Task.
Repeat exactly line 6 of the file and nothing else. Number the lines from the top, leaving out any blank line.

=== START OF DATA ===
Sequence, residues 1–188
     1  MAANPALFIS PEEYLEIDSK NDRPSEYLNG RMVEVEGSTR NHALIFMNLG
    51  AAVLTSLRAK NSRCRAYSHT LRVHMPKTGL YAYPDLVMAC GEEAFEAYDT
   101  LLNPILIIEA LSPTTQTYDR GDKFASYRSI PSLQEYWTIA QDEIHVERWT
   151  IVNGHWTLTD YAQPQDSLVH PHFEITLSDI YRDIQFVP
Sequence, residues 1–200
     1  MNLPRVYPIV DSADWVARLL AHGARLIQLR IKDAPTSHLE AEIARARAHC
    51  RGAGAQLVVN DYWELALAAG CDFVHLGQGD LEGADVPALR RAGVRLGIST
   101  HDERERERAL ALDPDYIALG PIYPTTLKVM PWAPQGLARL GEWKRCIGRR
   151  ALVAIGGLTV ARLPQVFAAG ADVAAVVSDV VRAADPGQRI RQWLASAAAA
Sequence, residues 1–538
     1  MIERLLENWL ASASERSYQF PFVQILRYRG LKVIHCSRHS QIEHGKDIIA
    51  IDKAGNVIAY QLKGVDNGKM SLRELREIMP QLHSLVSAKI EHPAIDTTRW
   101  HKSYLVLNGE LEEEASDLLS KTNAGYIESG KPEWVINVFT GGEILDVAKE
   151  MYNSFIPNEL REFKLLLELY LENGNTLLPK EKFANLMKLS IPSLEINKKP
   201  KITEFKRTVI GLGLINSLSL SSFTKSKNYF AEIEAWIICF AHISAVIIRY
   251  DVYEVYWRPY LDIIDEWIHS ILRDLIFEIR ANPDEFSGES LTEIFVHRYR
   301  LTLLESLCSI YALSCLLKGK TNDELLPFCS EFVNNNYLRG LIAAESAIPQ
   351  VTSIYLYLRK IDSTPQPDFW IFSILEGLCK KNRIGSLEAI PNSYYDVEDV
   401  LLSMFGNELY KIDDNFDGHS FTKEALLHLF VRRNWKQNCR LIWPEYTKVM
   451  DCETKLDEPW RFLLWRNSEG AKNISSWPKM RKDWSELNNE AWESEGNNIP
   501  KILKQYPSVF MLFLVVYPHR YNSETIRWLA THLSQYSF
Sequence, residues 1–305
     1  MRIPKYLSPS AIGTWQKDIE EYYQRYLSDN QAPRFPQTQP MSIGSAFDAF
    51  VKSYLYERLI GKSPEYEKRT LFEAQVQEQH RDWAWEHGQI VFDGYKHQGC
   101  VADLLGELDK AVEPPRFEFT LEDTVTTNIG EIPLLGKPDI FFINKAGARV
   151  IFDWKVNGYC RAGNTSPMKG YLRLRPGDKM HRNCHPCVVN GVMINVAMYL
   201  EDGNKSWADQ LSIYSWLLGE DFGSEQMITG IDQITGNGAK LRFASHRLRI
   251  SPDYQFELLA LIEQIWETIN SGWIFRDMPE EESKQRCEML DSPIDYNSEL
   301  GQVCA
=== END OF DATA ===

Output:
Sequence, residues 1–200